The nose itself is a necessary evil, due to rules that stipulate that the nose of the car must be no more than 550mm high, but the section behind it can be up to 625mm high. A rule change has been brought in this year to give teams the opportunity to add a ‘modesty panel’ to cover up the awkward step, but it seems unlikely that many teams will bother to adopt it because of fears that it could confer a small weight disadvantage.
And therein lies the rub. The stakes in Formula 1 have never been higher, and the teams in F1 have little choice but to interpret the technical regulations in the way that offers the most competitive advantage. If the design of a component could contribute to a tenth of a second improvement in lap time, aesthetic concerns go right out the window.
We’ve been here before – the controversial and short-lived X-wings pioneered by Tyrrell were banned on safety grounds in the 1990s, but the fact they looked awful also played a part. Similarly, efforts to harness downforce in the 1960s involved perilously spindly rear wings on stilts that did nothing to improve the pretty lines of a Lotus 49.
The problem I have with the latest crop of ugly cars is that F1 is currently making huge efforts to align the sport more closely with road cars.
One of the key tenets of performance road car design is (in most cases at least) to make them pleasing to the eye. I appreciate there’s a huge gulf between a single-seater racing car and a production car, but a manufacturer that creates beautiful road cars – such as Ferrari, for example – should surely seek to reinforce that reputation through its Formula 1 programme? No surprise, then, to learn that Ferrari is one of the few teams planning to use the prettier ‘nose job’ on its latest design.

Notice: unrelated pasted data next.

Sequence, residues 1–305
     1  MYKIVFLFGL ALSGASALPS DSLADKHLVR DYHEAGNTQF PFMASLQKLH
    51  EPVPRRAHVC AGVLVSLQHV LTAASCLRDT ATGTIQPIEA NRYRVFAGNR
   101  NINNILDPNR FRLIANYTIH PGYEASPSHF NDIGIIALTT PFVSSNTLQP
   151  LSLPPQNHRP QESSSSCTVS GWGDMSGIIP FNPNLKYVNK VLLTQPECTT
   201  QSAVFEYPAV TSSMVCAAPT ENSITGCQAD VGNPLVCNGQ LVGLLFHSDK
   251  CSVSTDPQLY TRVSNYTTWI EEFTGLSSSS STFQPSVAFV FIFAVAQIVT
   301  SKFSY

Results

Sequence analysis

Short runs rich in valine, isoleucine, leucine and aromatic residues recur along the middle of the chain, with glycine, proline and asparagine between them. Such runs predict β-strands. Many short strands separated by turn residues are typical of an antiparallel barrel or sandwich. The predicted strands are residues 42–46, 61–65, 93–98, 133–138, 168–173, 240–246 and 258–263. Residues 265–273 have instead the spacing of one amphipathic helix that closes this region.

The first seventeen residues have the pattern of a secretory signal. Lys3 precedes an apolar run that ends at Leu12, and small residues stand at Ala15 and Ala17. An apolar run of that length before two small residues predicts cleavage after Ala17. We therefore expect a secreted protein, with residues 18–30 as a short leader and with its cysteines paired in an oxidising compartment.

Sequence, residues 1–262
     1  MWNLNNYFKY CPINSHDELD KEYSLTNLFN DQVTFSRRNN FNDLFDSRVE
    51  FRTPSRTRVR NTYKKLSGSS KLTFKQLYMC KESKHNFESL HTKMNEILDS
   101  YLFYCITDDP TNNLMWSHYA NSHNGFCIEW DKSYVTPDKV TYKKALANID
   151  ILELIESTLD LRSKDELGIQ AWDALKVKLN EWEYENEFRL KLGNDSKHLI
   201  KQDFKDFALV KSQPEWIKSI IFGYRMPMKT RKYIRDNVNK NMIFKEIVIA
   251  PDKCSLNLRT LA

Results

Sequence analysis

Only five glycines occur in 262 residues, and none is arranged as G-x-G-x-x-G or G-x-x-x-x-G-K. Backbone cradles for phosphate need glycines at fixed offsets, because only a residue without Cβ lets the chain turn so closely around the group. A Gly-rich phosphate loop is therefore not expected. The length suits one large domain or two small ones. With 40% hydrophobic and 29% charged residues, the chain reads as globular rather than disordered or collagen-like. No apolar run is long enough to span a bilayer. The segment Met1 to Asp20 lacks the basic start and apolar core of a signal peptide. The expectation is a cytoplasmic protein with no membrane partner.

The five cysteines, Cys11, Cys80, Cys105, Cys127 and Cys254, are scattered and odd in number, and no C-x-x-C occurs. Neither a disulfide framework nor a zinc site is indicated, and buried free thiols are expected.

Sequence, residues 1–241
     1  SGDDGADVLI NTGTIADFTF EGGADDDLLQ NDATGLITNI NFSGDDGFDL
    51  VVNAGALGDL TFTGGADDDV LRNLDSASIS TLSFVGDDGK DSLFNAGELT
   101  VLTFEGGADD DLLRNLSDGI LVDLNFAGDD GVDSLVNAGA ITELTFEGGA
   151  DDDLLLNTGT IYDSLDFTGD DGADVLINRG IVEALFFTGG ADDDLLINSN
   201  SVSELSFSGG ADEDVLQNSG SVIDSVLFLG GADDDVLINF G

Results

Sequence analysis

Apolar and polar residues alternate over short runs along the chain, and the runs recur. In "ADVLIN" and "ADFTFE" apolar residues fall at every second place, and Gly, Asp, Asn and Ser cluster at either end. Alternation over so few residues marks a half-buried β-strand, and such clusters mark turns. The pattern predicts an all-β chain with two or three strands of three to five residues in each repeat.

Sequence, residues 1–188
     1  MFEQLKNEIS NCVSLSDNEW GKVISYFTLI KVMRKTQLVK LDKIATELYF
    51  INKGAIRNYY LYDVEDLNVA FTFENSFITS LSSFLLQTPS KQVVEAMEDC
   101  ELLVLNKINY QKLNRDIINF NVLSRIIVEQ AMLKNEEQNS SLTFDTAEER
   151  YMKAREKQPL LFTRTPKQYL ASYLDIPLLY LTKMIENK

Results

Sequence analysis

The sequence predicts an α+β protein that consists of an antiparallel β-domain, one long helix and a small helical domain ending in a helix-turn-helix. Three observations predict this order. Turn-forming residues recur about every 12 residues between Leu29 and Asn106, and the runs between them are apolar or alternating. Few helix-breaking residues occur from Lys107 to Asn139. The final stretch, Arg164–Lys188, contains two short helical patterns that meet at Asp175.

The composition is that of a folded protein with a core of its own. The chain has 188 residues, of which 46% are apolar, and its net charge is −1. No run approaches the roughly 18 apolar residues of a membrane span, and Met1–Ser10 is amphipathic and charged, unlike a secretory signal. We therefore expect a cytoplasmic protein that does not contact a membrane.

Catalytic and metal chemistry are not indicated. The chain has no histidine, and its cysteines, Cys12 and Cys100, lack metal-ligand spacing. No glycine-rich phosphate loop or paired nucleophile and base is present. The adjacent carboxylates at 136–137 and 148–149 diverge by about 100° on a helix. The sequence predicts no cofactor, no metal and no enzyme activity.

This is one of those occasions where Bernie or Jean Todt, or whoever, should amend the regulations to include a deliberately ambiguous line that reads: ‘Teams’ designs must remain aesthetically pleasing at all times. A fans’ vote will determine any designs that fail to meet this criteria.'
Okay, I’m being a touch facetious, but if we let the technical aspect of Formula 1 govern above all, we’ll end up with outlandish creations that do nothing to captivate and inspire new generations of fans.
In the 1970s and 1980s we were treated to some interesting and varied F1 car designs, but more often than not, the general rule of ‘if it looks good, it is good’ held fast. Forgive me while I meander off into an afternoon of typing names such as Ferrari 639, Lotus 72, McLaren MP4/4 and Jordan 191 into YouTube’s search engine...